• 8 cups puffed wheat
  • 1/4 cup butter
  • 2/3 cup corn syrup
  • 1 cup packed brown sugar
  • 2 tablespoons cocoa powder
  • 1 tablespoon vanilla extract

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Click on the link below for the instructions.

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Sweet Potato Pancake

Julie demonstrated two pancake recipes in the South Arm Community Kitchen. It’s been a while since she last demonstrated in the South Arm Community Kitchen and we missed her cookings. We are glad she is back.

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The first recipe, Sweet Potato Pancake is simply my cup of tea. I love sweet dessert and this is a sure winner.

Ingredients

  • 1 cup flour
  • 1/2 tablespoon cornstarch
  • 1 egg
  • 1/2 teaspoon salt
  • sweet potatoes
  • water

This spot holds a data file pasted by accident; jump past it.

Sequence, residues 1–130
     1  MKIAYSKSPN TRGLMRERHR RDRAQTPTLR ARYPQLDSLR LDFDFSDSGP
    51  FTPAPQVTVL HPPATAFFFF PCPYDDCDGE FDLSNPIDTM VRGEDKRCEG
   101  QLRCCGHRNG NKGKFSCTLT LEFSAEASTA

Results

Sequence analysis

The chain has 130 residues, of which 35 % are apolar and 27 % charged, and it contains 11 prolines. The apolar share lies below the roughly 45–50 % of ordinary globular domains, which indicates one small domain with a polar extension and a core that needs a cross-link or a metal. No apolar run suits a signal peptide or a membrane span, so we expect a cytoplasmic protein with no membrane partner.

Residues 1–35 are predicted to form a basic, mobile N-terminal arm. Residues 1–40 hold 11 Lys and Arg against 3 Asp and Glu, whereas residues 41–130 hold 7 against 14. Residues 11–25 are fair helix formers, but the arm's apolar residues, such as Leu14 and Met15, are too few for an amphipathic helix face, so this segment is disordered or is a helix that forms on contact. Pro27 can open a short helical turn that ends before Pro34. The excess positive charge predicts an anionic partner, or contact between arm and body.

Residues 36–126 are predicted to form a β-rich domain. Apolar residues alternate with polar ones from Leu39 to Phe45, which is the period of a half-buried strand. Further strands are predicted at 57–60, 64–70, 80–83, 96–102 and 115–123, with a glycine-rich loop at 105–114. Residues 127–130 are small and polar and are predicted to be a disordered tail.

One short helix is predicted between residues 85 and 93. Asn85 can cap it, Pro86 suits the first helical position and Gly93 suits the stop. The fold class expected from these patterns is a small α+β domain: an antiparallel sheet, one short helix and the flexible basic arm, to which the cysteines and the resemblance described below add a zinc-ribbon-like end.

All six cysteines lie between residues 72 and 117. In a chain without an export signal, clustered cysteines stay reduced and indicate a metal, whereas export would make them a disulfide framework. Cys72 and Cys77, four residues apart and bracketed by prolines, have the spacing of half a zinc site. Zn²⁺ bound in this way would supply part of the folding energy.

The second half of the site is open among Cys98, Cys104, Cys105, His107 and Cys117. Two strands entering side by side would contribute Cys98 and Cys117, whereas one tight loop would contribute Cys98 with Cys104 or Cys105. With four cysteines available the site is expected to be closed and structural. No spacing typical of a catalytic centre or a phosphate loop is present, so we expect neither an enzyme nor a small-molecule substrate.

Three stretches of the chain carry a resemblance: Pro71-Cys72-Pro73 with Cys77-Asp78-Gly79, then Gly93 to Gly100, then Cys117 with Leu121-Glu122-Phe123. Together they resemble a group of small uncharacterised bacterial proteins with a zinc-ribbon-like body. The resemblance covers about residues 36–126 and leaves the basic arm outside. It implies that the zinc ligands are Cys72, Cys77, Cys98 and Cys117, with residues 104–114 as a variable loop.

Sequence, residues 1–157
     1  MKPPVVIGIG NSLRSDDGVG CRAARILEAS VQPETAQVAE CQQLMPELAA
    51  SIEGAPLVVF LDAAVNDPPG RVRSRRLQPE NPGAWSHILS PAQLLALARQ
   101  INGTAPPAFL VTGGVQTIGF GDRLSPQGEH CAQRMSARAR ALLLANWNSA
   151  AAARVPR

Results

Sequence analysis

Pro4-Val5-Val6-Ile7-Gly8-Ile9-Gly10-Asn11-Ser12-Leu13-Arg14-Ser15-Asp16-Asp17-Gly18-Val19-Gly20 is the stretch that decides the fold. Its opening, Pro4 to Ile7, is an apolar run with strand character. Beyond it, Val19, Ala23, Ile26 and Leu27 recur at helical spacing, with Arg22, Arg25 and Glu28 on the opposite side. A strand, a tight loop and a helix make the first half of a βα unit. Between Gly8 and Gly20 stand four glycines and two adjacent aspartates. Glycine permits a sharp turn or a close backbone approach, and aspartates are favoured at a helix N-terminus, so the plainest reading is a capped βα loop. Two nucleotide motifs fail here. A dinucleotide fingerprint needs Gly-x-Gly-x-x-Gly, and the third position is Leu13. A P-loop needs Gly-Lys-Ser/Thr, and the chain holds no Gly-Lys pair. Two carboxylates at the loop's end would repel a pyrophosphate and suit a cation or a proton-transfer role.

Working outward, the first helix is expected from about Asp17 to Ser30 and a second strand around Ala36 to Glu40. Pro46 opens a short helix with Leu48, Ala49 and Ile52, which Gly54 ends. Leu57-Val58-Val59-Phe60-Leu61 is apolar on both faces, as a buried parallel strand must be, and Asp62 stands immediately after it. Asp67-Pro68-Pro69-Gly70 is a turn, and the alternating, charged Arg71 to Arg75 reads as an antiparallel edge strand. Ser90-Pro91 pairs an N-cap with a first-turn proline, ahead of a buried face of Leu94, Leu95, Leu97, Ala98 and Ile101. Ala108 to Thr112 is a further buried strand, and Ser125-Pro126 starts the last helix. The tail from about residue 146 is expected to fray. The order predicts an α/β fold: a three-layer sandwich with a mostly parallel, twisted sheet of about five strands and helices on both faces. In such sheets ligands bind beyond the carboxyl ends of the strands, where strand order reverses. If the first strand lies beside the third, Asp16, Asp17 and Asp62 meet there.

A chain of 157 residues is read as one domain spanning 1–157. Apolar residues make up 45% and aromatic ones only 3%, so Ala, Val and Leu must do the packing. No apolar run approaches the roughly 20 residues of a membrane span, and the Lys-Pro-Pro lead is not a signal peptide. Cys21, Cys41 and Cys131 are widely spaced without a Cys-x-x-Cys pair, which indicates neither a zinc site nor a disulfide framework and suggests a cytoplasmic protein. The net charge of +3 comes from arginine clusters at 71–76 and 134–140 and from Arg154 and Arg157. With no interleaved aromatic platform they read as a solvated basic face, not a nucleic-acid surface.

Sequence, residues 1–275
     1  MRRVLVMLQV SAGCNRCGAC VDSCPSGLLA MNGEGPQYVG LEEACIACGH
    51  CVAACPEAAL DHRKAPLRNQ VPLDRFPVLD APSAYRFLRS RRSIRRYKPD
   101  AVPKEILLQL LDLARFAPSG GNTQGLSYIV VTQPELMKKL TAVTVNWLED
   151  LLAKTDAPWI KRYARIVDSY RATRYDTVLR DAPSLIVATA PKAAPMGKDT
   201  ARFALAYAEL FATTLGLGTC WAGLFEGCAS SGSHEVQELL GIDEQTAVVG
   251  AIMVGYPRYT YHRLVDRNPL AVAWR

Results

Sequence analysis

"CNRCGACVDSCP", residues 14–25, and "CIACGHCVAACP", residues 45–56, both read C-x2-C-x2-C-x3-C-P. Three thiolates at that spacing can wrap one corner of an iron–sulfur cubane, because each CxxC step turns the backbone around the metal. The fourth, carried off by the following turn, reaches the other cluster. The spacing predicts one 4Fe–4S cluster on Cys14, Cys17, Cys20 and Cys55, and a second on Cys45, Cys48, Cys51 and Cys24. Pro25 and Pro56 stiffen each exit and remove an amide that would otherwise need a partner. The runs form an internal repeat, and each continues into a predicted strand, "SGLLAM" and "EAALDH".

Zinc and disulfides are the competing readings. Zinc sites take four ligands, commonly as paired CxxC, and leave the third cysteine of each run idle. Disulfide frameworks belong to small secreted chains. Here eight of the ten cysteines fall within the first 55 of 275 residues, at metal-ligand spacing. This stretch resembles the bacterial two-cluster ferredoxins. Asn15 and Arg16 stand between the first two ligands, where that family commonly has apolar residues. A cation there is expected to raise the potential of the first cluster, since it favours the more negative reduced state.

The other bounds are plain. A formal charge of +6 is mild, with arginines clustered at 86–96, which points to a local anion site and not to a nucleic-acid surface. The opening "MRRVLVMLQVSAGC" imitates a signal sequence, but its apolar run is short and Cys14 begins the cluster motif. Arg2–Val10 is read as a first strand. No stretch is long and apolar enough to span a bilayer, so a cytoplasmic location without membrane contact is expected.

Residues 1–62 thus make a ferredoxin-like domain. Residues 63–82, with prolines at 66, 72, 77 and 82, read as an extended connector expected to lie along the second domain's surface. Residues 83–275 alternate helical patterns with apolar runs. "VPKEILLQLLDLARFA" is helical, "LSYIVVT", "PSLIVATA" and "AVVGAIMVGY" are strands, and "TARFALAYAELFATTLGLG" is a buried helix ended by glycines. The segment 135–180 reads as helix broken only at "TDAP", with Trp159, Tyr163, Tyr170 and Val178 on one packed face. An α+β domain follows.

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Click on the link below for the instructions.
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Cornmeal Pancake

In the South Arm Community Kitchen, Ming shared a very simple Cornmeal Pancake recipe with us. She also make use of okara, the insoluble material left over from making soya milk from soya beans.

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The Cornmeal Pancake is crusty and filing. It is good for teething toddlers. Ming also made some cornmeal porridge with the leftover cornmeal she brought. The porridge can be easily prepared by bringing a pot of water to a boil and add in the cornmeal (amount depend on how thick you want the porridge) and cook for a few minutes until the porridge thicken.

Ingredients

  • 1 cup cornmeal
  • 1 cup okara (can be substituted with more cornmeal, a little milk or melted butter to moisten the batter)
  • 1/2 teaspoon baking powder dissolved in a little water
  • 2 to 3 tablespoons of sugar (depending on how sweet you like it)

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Click on the link below for the instructions.

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Oyster Jade Boat